Cameras capture trial: Cameras rolled inside a Chicago-area trial court for the first time in November when a Naperville mother accused of murdering her son and another child pleaded not guilty before a DuPage County judge. Elzbieta Plackowska was arraigned on 10 counts of first-degree murder, The proceedings were the first in the metro area to be televised since the Illinois Supreme Court in January agreed to open trial courts to cameras on an experimental basis.
Cardamone pleads guilty: After a decade of denying accusations, Michael Cardamone pleaded guilty in November to inappropriately touching 14 young students at his family's Aurora gymnastics studio -- but insisted his actions weren't sexually motivated. Cardamone, 35, pleaded guilty to seven counts each of aggravated battery and unlawful restraint as well as one count of perjury. He was sentenced to 10 years in prison, which amounts to time served, and two years of probation. While he was freed, he must register as a violent offender against youths for 10 years.
DuPage's football royalty: Three DuPage high school football teams played for state championships in November and two of them, Glenbard West and Montini, won their respective crowns. The Hilltoppers captured the state's Class 7A title and the Broncos won the Class 5A crown. Glenbard North was turned away in its quest for the Class 8A championship.
Lawyer at core of scandal: He's one of Naperville's most prominent attorneys, and one of its more charitable givers. But late in the year Bill Brestal was accused of fraud. The 71-year-old zoning lawyer was hit with a $1 million lawsuit alleging years of financial fraud at his former law practice -- Dommermuth, Brtestal, Cobine and West. He's accused of pocketing unauthorized bonuses, using company credit cards to gamble and take cruises, and lying to stakeholders about the firm's finances. Brestal generally denies the accusations.
Library director fired -- twice: Following a two-hour closed door meeting July 18, the Carol Stream Library board voted 3-1 to fire Library Director Ann Kennedy. But the morning after, trustees learned from the library attorney they didn't have enough votes to dismiss Kennedy, according to library bylaws. So a week later, the board voted again -- this time with more trustees present, -- to officially dismiss Kennedy. The firing was the apparent result of divergent views between Kennedy and a new board majority led by President Mike Wade.
Election commission overhaul: The chairman of the DuPage Board of Election Commissioners resigned and two other members of the panel were replaced after the release of a report critical of the commission. In the report, an accounting firm concluded improvements must be made to the bipartisan election commission's credit card, ethics and procurement policies. New members were appointed to the three-person election board to implement the changes and make the agency more transparent and accountable.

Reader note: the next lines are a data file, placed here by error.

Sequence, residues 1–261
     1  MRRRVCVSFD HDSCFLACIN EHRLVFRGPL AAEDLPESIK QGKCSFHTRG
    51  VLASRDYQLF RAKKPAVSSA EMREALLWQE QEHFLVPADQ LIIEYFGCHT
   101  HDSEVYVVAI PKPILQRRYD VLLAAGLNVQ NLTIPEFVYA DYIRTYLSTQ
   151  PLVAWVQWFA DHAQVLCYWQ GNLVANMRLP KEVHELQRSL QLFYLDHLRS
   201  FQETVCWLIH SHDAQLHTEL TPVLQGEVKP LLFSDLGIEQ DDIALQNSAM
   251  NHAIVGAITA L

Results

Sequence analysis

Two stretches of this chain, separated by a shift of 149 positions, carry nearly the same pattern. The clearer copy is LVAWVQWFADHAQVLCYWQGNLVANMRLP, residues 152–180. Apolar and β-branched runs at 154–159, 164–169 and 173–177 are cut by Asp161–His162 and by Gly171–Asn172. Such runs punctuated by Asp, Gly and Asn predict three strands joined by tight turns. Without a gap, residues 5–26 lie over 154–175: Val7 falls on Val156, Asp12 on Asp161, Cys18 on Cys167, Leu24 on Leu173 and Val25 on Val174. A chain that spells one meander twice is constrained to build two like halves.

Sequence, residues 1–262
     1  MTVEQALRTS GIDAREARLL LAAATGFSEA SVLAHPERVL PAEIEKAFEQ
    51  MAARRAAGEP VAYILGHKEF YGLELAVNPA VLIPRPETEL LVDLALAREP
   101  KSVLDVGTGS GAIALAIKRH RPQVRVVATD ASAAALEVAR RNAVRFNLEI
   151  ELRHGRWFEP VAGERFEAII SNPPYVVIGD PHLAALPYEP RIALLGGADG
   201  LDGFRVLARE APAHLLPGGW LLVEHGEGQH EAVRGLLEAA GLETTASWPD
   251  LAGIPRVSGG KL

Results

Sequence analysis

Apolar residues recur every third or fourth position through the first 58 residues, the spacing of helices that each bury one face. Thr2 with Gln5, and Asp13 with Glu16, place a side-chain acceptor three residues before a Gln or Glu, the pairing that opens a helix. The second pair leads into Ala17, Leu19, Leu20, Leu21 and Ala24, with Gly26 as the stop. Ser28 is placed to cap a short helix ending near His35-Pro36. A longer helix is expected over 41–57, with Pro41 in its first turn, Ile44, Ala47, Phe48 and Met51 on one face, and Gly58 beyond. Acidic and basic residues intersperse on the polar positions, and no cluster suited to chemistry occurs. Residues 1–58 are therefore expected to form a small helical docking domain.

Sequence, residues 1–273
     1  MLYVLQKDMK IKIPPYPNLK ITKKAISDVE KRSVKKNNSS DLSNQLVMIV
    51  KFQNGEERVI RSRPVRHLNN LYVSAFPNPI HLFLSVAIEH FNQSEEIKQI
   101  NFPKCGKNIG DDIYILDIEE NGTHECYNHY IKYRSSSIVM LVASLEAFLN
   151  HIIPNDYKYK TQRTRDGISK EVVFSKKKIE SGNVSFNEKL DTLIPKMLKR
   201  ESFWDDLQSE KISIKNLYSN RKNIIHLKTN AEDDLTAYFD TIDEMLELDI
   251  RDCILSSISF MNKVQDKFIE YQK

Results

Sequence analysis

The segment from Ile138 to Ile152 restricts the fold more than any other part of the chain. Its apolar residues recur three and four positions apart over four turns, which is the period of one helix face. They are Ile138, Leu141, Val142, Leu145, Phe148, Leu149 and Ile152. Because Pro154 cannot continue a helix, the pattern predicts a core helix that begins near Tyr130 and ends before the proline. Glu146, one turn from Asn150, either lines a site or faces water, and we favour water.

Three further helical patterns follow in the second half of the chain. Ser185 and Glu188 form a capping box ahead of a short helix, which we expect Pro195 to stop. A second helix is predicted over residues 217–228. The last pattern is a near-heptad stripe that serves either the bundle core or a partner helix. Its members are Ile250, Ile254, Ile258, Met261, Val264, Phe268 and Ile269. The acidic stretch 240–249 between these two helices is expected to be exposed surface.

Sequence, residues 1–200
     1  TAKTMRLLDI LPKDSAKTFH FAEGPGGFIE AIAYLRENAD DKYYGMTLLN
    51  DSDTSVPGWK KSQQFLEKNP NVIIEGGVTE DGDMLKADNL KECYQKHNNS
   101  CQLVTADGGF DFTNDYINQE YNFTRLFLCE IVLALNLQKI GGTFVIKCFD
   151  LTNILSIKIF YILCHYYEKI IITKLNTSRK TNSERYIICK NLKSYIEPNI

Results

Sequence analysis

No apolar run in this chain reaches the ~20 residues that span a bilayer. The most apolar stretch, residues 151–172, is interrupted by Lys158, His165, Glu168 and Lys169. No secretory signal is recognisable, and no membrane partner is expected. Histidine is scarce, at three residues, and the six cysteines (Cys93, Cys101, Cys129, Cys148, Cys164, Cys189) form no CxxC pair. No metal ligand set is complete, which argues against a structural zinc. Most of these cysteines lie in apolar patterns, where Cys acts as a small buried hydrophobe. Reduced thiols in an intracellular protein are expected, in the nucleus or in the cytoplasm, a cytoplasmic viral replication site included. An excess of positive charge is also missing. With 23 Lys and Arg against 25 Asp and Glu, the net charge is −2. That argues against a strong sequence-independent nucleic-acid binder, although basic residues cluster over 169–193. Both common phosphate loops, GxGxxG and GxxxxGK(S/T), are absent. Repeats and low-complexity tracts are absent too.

Mosque rejection lawsuit: An Islamic group filed a federal lawsuit against DuPage County after the county board rejected its request to transform a house near West Chicago into a mosque. The lawsuit claims the county board discriminated against Islamic Center of Western Suburbs on May 8 when it voted 15-3 to reject the group's request to use the home at 28W774 Army Trail Road as a religious institution. The lawsuit says there "was no rational basis" for the group's application to be denied.
Lisle's Meijer saga ends: Eight years after Meijer abandoned its legal fight to bring a store to Lisle, the retail giant agreed to sell the property so houses can be built there. Meijer originally acquired the 60-acre site along Maple Avenue near Benedictine University to construct a 215,000-square-foot store. But in 1999, residents sued Lisle to invalidate the village's annexation and rezoning of the property to make way for the store. Three years later, the Illinois Supreme Court upheld lower-court decisions voiding Lisle's actions. Now K. Hovnanian Homes plans to build 162 houses on the property.
No dual office holders: DuPage State's Attorney Robert Berlin in January issued a legal opinion stating any mayor, village president, alderman, councilman, trustee or other officeholder seeking election or appointment to the DuPage County Board must resign from their post if they become a county board member. At the time, two county board candidates -- Elmhurst Mayor Pete DiCianni and Burr Ridge Mayor Gary Grasso -- said they weren't convinced Berlin's conclusion was correct. And for months, both of said they were planning to become dual office holders. But by the time they took office as county board members in December, DiCianni and Grasso had resigned their municipal positions.
Second life for youth home: A nonprofit school serving the needs of young people with severe behavioral, emotional and learning disabilities in Cook and Lake counties expanded into DuPage County by renting space at the county's former youth home. In the fall, Joseph Academy opened its newest school in the former DuPage County Juvenile Detention Center. The Wheaton facility was closed at the end of January when DuPage started sending its youth detainees to Kane County.
Overpass project advances: The long-awaited goal of separating trains from car traffic at a railroad crossing near the border of Kane and DuPage counties soon will become a reality. In October, state and local officials announced plans to construct an overpass at Route 38 and Kautz Road in West Chicago. When the nearly $26 million project is finished in 2014, vehicles on Route 38 will be able to pass over the Union Pacific tracks.